Lately, when news of an incident of bias, racism, sexism, homophobia, or ethnocentrism, for instance, makes the headlines – stirring commentary on social media and inspiring cross-cultural reaction, conversation, and debate – we often hear it expressed that such injustices are simply anomalous – that they don’t reflect who we “really are;” that such examples of discrimination do not characterize our culture – when in truth, such incidents are important indicators about our social and political national climate. While we may not be comfortable admitting it, as a nation, our investment in ideals of power and privilege, which perpetuate unjust and unfair systems and the very biases that inform discriminatory and prejudicial attitudes towards “others” is indeed well-documented. Although we may not want to accept the fact that we “really are” responsible for such systems because it may not be who we want to be as a culture, it’s important that we confront the documented truth of our history as well as our present if we want to foster a just, inclusive, equitable, and accessible society that is supportive of diversity.
As a DEI practitioner, consultant, and advisor, I am concerned when I hear clients proclaim that their organization doesn’t struggle in DEI-focused areas despite qualitative or quantitative data yielding concerning information about employee experiences which implicate that there are, in fact, clear challenges in this regard. Oftentimes, organizational leadership, supervisors and influencers find it difficult to accept the realities of the workplace experiences of their employees – especially if the data suggests, for instance, that groups which have been historically underrepresented in their professional fields of interest (such as women, people of color, or LGBTQIA+ identified individuals) express disproportionate levels of dissatisfaction in the workplace compared to their white, cisgender male peers. Still, no matter how difficult it might be to face the truth about the status of our organizations when it comes to performance in DEI-focused areas, doing so with the intention of taking proactive steps to address such challenges can be a leading factor in your business’ capacity to maintain or realize a competitive edge.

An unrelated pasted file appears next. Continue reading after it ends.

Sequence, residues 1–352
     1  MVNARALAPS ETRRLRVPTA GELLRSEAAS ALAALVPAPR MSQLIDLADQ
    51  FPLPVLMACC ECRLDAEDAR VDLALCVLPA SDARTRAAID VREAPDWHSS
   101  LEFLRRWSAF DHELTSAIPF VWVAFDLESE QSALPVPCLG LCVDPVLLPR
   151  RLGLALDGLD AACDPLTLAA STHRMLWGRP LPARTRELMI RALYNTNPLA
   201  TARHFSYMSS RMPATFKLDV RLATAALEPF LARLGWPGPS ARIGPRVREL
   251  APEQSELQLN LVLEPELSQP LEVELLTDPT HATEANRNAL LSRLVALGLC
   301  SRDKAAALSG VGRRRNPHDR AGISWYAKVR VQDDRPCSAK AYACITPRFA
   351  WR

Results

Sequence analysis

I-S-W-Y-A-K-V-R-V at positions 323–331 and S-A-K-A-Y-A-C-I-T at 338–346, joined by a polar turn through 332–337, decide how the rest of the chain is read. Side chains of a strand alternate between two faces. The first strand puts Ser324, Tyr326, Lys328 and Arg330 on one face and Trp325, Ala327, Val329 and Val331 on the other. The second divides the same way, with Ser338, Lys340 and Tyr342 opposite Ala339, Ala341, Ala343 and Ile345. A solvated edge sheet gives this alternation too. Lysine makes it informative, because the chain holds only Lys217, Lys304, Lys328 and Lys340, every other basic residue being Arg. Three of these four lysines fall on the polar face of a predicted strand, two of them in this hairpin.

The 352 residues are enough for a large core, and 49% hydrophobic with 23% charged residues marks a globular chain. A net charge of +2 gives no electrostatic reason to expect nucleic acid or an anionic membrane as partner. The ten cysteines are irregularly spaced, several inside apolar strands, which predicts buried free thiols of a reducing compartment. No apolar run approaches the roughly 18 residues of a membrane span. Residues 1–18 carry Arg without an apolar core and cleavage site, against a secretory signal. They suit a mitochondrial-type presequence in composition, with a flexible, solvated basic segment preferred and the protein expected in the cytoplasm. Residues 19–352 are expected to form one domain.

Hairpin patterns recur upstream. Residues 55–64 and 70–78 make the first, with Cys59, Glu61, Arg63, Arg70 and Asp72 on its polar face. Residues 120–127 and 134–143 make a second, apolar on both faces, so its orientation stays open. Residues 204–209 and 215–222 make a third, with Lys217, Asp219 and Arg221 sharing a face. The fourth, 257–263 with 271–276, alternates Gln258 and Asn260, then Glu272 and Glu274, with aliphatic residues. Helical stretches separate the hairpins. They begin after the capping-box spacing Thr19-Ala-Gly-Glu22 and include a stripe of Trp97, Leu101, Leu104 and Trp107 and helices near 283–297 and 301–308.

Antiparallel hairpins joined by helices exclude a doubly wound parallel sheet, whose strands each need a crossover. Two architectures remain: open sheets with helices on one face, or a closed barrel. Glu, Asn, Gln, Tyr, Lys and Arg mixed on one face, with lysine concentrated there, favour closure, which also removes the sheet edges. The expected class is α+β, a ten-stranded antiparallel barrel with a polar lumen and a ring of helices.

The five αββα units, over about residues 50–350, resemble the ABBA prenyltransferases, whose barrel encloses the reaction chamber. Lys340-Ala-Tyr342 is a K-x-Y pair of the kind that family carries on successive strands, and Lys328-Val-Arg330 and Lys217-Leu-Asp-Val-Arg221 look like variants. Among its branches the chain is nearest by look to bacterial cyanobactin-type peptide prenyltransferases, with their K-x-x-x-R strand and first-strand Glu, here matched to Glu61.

It is my responsibility to communicate honestly and with sensitivity to the clients I serve in order to support their intention to remain competitive in increasingly diverse markets, after careful assessment of their workplace environment, goals, policies and practices. Such communication isn’t always easy, let alone comfortable, yet it is always necessary and in the best interest of an organization’s brand. This often means calling much needed attention to any impediments or barriers (internally and externally) an organization might be facing which might adversely impact its ability to attract and recruit the most qualified candidates to key positions; support the professional development of a diverse workforce as well as effectively serve and support diverse clients, customers and communities.
Simply put, as a DEI consultant and practitioner, if I am to support the intention of organizational leadership and supervisory personnel in their efforts to set expectations and recommend strategies for improving the cultural climate, environment, and experiences of their workforce, for instance, which invariably impacts levels of productivity and investment among employees, and ultimately, the bottom line of their business, it means helping them to identify and confront the reality of the challenges facing them – both internally and externally.
For any organization, the first steps toward realizing progress in any DEI-focused area of performance depends upon the willingness of its leadership, decision-makers and influencers to accept what the data tells them about the status of their business in order to transform into the organization and/or brand it can be.